- POSTED: 11 Oct 2013 00:15
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Singapore's energy-intensive companies are doing a good job in the core aspects of energy management like technology. But they are overlooking a big part of the equation - the people in charge of the technical stuff.
SINGAPORE: Singapore's energy-intensive companies are doing a good job in the core aspects of energy management like technology.
But they are overlooking a big part of the equation - the people in charge of the technical stuff.
And it could be costing them millions of dollars a year.
On the technical side of things, Singapore's energy-intensive companies are performing well.
Buildings have been retrofitted with greener products and equipment is top-notch energy-efficient.
But a recent study by consultancy firm Accenture, with support from the National Environment Agency, shows there's room for improvement on the less measurable people-centric elements.
"What that means is getting it right in terms of strategy, getting it right in terms of governance and leadership, getting it right in terms of identifying which people do make a material impact on energy consumption," said Ynse De Boer, managing director of Accenture's Sustainability Services for ASEAN.
Once those people are indentified, they need to be equipped with the proper skills and training to maximize energy efficiency, added Ynse De Boer.
If that's done, he said, companies can make an additional 10 to 20 percent reduction in energy consumption, adding up to millions of dollars in savings, depending on the company.
"If you take a business that spends S$100 million on energy a year, every year, you're talking about S$10 million, S$15 million in savings that are up for grabs," said Ynse De Boer.
The Accenture study, which was released at the end of August 2013, looked at 100 energy-intensive companies in Singapore.
The study comes on the heels of new regulations requiring energy-intensive companies in the industry sector to appoint an energy manager.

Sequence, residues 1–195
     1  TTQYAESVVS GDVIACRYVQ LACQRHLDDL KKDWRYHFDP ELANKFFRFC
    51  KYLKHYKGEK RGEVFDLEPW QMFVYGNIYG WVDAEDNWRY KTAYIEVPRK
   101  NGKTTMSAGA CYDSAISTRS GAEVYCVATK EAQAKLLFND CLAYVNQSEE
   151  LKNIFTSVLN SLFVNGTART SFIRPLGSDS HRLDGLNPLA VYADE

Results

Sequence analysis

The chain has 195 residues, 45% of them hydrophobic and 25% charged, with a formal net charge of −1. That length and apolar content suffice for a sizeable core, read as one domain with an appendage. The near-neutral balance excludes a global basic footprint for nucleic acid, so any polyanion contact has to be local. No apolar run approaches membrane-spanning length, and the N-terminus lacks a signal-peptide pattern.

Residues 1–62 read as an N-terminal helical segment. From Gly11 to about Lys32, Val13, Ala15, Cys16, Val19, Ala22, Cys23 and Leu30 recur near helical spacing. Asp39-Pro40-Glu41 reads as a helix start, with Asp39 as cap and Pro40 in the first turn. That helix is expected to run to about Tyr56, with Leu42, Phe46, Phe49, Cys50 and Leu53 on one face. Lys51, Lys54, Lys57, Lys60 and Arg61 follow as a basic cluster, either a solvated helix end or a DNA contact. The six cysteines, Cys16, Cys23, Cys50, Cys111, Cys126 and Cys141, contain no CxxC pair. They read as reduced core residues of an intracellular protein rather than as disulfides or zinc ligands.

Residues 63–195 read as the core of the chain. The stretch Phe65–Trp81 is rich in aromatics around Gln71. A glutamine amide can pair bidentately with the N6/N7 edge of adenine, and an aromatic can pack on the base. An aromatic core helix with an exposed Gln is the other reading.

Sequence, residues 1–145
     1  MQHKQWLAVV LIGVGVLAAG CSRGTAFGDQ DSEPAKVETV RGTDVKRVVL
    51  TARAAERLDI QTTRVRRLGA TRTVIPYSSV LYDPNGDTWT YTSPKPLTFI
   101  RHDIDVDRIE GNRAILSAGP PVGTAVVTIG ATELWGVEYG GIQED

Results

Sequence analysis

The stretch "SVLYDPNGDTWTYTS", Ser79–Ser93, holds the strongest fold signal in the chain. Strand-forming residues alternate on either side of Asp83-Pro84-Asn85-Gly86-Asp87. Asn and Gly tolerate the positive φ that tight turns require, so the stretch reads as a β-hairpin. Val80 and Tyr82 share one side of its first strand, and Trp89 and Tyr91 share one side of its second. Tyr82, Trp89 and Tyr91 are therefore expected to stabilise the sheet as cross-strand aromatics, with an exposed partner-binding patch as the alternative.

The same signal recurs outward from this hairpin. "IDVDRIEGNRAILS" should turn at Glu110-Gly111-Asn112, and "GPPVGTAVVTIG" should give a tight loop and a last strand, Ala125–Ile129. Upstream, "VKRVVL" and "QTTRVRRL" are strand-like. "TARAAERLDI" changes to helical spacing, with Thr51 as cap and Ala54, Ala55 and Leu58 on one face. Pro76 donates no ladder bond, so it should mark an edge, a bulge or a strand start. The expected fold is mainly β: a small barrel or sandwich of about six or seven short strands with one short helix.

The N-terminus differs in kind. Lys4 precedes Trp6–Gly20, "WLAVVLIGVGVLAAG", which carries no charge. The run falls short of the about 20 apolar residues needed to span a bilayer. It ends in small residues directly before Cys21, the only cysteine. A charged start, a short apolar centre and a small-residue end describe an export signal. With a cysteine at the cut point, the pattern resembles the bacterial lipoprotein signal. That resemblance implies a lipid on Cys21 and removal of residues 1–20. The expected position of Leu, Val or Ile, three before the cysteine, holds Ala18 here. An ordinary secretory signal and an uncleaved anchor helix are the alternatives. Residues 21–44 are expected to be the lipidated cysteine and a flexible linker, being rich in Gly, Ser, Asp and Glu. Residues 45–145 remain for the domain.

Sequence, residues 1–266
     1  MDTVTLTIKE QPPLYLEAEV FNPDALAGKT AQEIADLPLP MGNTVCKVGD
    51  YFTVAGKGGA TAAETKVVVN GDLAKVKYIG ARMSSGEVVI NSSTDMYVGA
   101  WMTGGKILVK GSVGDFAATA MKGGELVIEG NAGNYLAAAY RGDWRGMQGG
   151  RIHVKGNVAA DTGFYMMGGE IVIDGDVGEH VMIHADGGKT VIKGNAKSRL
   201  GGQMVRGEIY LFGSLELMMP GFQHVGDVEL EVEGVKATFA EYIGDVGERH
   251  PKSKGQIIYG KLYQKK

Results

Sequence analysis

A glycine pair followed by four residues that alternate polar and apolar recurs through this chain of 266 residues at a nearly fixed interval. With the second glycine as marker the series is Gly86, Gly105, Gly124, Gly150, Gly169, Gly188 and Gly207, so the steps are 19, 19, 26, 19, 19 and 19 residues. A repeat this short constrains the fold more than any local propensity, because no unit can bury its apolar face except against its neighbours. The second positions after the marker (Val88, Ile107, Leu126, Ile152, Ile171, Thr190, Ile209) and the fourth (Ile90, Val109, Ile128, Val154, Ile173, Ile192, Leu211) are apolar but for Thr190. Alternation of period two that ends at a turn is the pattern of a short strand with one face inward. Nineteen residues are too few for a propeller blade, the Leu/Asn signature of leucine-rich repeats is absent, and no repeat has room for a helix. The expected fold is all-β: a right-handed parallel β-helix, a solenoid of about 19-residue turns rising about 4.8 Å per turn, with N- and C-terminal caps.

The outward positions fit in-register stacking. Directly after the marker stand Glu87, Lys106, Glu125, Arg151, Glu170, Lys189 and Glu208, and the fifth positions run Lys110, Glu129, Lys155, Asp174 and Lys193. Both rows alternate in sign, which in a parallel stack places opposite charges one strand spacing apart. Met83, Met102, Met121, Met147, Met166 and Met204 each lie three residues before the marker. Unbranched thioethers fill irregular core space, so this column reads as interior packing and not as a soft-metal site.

Firms are also to monitor and report energy use and greenhouse gas emissions then devise improvement plans.
These requirements came into effect on 22 April 2013 under the Energy Conservation Act (ECA).
For companies, developing an Enterprise Energy Management (EEM) capability could help them comply with ECA.
EEM involves putting in place appropriate strategies, people, processes, leadership, governance and technology at all levels.
In the weeks leading up to the implementation of the ECA, Accenture partnered with the National Environment Agency (NEA) to carry out the qualitative survey of energy-intensive companies in Singapore.
One of the companies surveyed was power supplier Senoko, which provides more than a quarter of Singapore's electricity needs.
Senoko's senior vice-president for sales and business development, Eu Pui Sun, said the company has invested in highly energy-efficient machines.
But it's not enough.
"While the people work with very efficient equipment, there are bound to be many processes that can be fine-tuned. Whatever suggestion they make can actually make that small incremental improvement, which in the overall operation would result in more energy efficiency," said Eu.
To motivate employees, Eu said Senoko links operational efficiency to a worker's KPIs and bonuses.
It's a strategy that Ynse De Boer says works.
In addition, investing in people is usually much less expensive than replacing costly equipment and it could yield similar benefits.